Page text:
Citation: Malori A, “Oral Drug Reconstitution: Making it Easy and Accurate via Packaging Innovation”. ONdrugDelivery Magazine, Issue 88 (Jul 2018), pp 18-21.
Anna Malori discusses the oft overlooked challenges and difficulties of standard packaging systems for oral medications requiring reconstitution before use. Following on from this she highlights dual-chamber systems as a potential solution to this problem, with reference to a case study from Bormioli Pharma’s own experience.
THE POTENTIAL RISKS UNDERLYING RECONSTITUTION
Every year, more than 900 million units of drugs are sold worldwide in a “to be reconstituted” state, with a corresponding value of about US$3.0 billion (£2.25 billion).1 Among these, orally administered drugs are the most common. But what does reconstitution really imply and how is it carried out normally? With standard reconstitution, a powdered drug is packaged in a glass or plastic bottle and the patient has to add the solvent themselves. The solvent – often water, but occasionally another liquid – can be provided by the pharmaceutical company in a separate container or may not be provided at all. If solvent is not provided, the solvent choice and dosing are left in the hands of patient.
“An untrained patient often undervalues the importance of some critical elements for drug reconstitution, such as the quality and the correct dosage of the water used during the procedure…”
Let’s try to imagine how a standard reconstitution process takes place when solvent is not provided. After receiving the medicine, the patient goes home and opens the drug package. At this stage, it is possible to run into one of two different kinds of packaging configurations:
- The first one is a bottle with a level mark, accompanied by an instruction leaflet. This is the case of a glass or plastic bottle containing the powder: the patient has to add water up to the level mark by following the instructions, mix and consume.
- The second one is quite similar but does not include the level mark on the bottle. In this case, the patient has to check the correct quantity of solvent in the instruction leaflet, autonomously dose it and add it to the bottle. The rest of the procedure does not change.
In both cases, human error is a significant concern. An untrained patient often undervalues the importance of some critical elements for drug reconstitution, such as the quality and the correct dosage of the water used during the procedure.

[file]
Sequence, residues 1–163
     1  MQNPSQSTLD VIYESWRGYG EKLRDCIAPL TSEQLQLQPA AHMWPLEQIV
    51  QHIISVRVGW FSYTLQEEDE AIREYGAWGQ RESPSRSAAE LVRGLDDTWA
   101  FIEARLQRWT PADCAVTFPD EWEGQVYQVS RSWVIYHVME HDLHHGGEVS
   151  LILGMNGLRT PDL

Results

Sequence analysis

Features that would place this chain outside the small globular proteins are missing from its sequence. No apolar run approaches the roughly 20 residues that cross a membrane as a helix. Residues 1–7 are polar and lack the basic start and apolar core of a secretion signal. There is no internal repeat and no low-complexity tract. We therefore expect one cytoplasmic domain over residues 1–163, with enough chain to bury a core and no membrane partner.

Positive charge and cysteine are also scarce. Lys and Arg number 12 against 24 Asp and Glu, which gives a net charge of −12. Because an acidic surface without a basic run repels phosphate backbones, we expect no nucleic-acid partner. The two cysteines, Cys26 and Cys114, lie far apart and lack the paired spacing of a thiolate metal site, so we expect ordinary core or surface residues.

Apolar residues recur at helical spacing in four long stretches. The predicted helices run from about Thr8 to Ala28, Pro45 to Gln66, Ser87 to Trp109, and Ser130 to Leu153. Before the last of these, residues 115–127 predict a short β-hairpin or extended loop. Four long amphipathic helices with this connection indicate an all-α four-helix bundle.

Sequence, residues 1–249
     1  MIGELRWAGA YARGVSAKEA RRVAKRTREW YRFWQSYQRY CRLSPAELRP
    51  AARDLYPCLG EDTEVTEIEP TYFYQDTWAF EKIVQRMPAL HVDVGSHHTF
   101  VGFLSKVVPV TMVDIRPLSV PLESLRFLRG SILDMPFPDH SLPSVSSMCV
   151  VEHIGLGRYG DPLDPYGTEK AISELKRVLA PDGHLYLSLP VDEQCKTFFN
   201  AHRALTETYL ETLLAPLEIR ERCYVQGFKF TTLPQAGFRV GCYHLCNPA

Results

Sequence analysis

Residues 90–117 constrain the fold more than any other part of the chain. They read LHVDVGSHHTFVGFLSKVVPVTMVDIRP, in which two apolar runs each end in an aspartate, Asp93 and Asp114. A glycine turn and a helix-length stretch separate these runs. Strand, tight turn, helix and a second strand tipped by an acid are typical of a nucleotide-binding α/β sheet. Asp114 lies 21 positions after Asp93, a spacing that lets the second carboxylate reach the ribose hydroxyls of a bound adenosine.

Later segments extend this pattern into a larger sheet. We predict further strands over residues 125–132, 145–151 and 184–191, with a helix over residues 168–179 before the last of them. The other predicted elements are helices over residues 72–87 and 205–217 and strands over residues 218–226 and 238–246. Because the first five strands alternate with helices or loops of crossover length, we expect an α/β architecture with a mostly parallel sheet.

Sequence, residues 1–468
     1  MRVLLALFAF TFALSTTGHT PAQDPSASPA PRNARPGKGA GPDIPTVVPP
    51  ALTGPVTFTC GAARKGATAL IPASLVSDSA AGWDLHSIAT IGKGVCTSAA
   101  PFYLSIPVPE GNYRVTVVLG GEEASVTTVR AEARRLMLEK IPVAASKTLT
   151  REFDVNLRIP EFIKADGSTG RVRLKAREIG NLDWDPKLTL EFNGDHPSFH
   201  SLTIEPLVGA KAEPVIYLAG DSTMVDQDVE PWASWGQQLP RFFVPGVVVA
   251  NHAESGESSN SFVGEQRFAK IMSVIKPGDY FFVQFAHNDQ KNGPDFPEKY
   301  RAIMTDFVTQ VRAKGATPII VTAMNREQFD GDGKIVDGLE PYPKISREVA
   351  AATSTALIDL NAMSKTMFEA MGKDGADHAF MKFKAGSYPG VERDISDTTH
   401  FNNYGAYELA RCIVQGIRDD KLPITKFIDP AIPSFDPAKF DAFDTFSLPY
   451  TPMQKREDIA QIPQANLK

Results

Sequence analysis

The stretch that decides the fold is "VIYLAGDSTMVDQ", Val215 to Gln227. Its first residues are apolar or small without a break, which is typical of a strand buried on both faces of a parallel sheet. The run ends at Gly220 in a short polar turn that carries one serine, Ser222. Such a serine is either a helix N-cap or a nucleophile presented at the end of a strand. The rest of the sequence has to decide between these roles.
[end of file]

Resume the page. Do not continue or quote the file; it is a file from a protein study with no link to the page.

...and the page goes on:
When discussing reconstitution, water quality is not a simple issue. An article from the American University of Sharjah (UAE) underlines all the possible concerns about the use of the wrong type of water while reconstituting.2 First of all, it is uncommon for patients to be aware that, depending on the particular pharmaceutical process at play, a different type of water is required (e.g. purified or highly purified, mineral, spring, drinking, distilled) and that the wrong type of water can negatively impact on the drug’s effectiveness. Secondly, patients often use tap water which may contain contaminants that exceed specific limits and as a result may lead to health problems.
This consideration is all the more true for those countries dealing with water pollution. A study conducted by the WHO (Figure 1) shows that deaths due to unsafe water are a daily issue in many countries.3 For example, across almost the entire African continent there are anywhere from 550 to 1050 deaths per million inhabitants each year. It is clear that, in such countries, using tap water for reconstitution is not inappropriate, but actively dangerous.
Another potential error that can occur when reconstituting oral drugs is making a mistake in dosage. This could be either accidental or voluntary. Accidental mistakes happen when the patient does not use the prescribed dosage of water or powder, due to distraction or the poor level of accuracy of the measuring device (e.g. poorly designed or manufactured graduation marks on cups and spoons). Voluntary mistakes are primarily caused by incorrect assumptions or fundamental misunderstandings of the product. For example, some people add more water than the stated quantity because they erroneously believe that this will allow them to have a greater quantity of the drug, thereby saving money.
“It is important to note that both using either an excess or insufficient amount of water negatively impacts on the efficacy of the reconstituted drug…”
It is important to note that both using either an excess or insufficient amount of water negatively impacts on the efficacy of the reconstituted drug. On the one hand, the direct consequence of adding too much water is a disproportionate dilution of the active ingredients, resulting in a loss of effectiveness. On the other hand, using not enough water can lead to serious problems of toxicity, as the active ingredients remain too concentrated.
INNOVATIVE PACKAGING SYSTEMS CAN BE AN ANSWER